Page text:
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Christo Kuzmanov: “Art is my destiny.”

April 11, 2009 by · 5 comments

Vanya Nikolaeva’s interview with the artist Christo Kuzmanov

Christo Kuzmanov was born in Sofia, but has been living and creating art for 18 years in Sweden. His paintings have been exhibited in galleries in the USA, Germany, Denmark, Sweden and Bulgaria. He has taken part in charitable exhibitions and many connoisseurs own pieces of his art.
Christo Kuzmanov is planning an exhibition at the “Seasons” gallery in Sofia, Bulgaria in the end of the summer.

How does it feel to be a Bulgarian artist in Sweden?

I feel all right as a Bulgarian artist living in Sweden, but I’d feel better in Bulgaria. I can’t compare my situation with those of Bulgarian artists; I have not lived and worked in Bulgaria for 20 years. Compared to other EU countries, the situation of the artists in Sweden is not the most privileged. Swedish people are more pragmatic and rational and it seems like for them, art stays in a secondary place.

They mainly appreciate their authors and those who have proven themselves in the world market, mostly in the USA. I have been asked many times whether I learned painting in Sweden…how else can I explain the fact that I am a good artist!

What’s the most important thing we should know about Christo Kuzmanov?

I don’t have so much to be proud of except for the fact that I am one of a small number who can make a living just by doing art. For some of them this is happiness, for others – it is a curse, but for me, it is destiny.

What is your pursuit?

I am in pursuit of the perfection of being imperfect…as Oscar Wilde has said. I would like to create paintings that are expressive enough so they can start their own life on the wall of a rich connoisseur!

What are the most precious moments for you as an artist?

To be an artist is more about vocation than occupation, but when we are talking about the most precious moments, working on a painting helps you to forget completely about the world around you, to forget about yourself and about time. The nature of the creative process, with which the artist sometimes gets in touch in such a powerful way, is so different from everyday life experiences that it is beyond description.

It explains in a way the sacrifices an artist is willing to take, sometimes even approaching total nihilism.

What does the art give and take from you?

I think answering the previous question explains to a certain degree what I am getting spiritually from art. If you succeed in marketing your name, you can realize yourself as an artist and make a good living. But if you fail in this, sometimes it’s better to cut your ear off as the colleague Van Gogh did to be able to continue with his drawings. I still have both my ears.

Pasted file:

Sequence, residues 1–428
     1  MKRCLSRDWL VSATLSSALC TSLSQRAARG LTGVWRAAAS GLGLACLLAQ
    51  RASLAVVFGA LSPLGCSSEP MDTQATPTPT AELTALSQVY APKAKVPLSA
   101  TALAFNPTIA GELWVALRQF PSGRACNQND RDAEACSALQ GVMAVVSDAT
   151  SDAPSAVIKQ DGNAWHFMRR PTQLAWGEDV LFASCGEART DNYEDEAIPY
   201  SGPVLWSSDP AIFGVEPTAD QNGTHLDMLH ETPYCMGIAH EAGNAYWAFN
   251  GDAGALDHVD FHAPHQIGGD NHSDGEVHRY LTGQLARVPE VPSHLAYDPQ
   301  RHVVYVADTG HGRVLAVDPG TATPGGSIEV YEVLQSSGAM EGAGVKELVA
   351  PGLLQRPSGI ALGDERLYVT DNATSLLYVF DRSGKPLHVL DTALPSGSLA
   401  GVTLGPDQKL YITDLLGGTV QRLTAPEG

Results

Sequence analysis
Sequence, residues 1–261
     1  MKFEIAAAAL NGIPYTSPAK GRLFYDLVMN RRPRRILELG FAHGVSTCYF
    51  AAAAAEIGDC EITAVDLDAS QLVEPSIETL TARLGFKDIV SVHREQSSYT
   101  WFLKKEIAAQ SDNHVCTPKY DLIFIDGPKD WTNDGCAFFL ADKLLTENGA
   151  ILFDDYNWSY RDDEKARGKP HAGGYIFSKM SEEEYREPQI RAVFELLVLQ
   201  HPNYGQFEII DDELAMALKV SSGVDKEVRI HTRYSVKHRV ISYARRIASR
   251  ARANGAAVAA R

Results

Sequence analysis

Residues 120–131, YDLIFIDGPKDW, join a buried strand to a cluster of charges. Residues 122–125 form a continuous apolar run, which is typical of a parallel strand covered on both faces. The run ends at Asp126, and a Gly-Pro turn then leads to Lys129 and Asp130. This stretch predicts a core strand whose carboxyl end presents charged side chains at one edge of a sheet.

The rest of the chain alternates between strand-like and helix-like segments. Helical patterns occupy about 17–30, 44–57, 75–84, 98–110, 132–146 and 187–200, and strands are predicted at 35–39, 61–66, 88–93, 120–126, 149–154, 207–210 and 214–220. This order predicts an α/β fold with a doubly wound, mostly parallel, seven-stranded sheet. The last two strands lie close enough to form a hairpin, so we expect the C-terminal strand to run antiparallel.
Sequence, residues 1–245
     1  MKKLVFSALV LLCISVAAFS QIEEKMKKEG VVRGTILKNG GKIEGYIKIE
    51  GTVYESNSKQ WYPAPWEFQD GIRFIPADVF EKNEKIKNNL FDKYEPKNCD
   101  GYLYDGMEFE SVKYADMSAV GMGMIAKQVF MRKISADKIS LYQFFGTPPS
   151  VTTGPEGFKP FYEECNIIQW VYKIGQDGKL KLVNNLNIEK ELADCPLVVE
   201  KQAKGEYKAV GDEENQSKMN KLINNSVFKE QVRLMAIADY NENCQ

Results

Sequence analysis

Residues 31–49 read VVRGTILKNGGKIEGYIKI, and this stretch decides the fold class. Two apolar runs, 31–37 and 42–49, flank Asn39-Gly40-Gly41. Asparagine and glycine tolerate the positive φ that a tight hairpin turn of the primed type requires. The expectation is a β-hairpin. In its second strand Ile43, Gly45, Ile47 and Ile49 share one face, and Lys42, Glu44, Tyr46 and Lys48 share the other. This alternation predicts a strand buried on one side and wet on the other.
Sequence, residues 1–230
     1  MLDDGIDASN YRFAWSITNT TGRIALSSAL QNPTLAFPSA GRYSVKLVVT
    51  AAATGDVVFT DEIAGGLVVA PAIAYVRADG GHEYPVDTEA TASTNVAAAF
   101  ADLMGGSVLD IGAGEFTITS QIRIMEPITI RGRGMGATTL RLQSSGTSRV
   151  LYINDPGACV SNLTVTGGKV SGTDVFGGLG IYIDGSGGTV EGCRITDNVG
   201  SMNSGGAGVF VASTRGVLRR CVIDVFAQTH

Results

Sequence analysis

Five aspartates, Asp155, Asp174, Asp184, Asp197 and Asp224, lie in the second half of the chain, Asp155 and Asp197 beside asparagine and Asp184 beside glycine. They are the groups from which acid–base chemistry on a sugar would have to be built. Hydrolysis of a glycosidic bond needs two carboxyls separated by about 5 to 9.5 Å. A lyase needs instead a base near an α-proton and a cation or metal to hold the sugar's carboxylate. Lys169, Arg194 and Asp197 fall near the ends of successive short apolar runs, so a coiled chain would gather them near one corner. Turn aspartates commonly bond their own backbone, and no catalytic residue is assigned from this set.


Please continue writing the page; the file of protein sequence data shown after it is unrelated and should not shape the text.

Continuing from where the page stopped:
What’s the biggest difficulty in painting nude bodies?

It is easy if you know how to do it. It is like making love – some do it naturally and are very good at it, others not…but the judgment is always made by those on the opposite side!

How do the viewers accept your paintings?

I have gotten various opinions about my paintings – from “blunt pornography” to the biggest compliments. For me, it is always more important that a painting is perfect and conveys its own spirit and power, because that inevitably causes some response.

What do you dream about?

I dream of eternal life. I believe the time we have is not enough to realize ourselves as we are and as we would like to be.

When and where did your first exhibition take place and what memories do you have of it?

My first one-man show was at a café in Goteborg in 1991, if I recall correctly. I placed the paintings the day before the exhibition opened. A few hours before the exhibition, the owner of the café called me very upset to tell me that one of my paintings was stolen right in front of her eyes. A client got the painting from the wall and just ran out of the café. Unfortunately, the painting was never found, nor was it insured. At first I felt flattered in a way – obviously somebody’s desire to possess my painting was so strong it urged him to commit such a thing.

Later I realized that what happened was rather a prophecy. In 1994 and 1998 more than 50 of my paintings got stolen from the studio. Maybe I am not the best selling artist in Sweden, but surely I am the most robbed one.

What is success for you?

So far for me, everything has been relative and temporary. But perhaps success is finally on its’ way to me.

What is coming up from Christo Kuzmanov in 2009?

Hopefully I am going to have the inspiration and the opportunity to finish a few projects which I have already started. One of them is called “Art Assassination” – there is no connection to a real assassination, it is rather about investigating art “assassinations”. You can find more on my official web site .

Christo Kuzmanov Exhibitions

Skandinavia Gallery – Gothenburg, Sweden
Montserat Gallery, Agora Gallery – New York, USA
ArtNow Gallery, C&CO Art Room – Sweden
The Art Museum – Desember Salong 1994 – Gothenburg, Sweden
A-Gallery – Gothenburg, Sweden
Archeological Museum Varna – 1999, Bulgaria
Aktiv Art – 2001, Bulgaria
Bulgarian Embassy – 2006, Stockholm, Sweden
Gothenburg Art Fair – 2007, Sweden
Artviile – 2007, Copenhagen, Denmark
BG Cultural Center – Berlin, Germany
Artville Berlin 2008, Germany
Gallery Backlund – 2008, Gothenburg, Sweden

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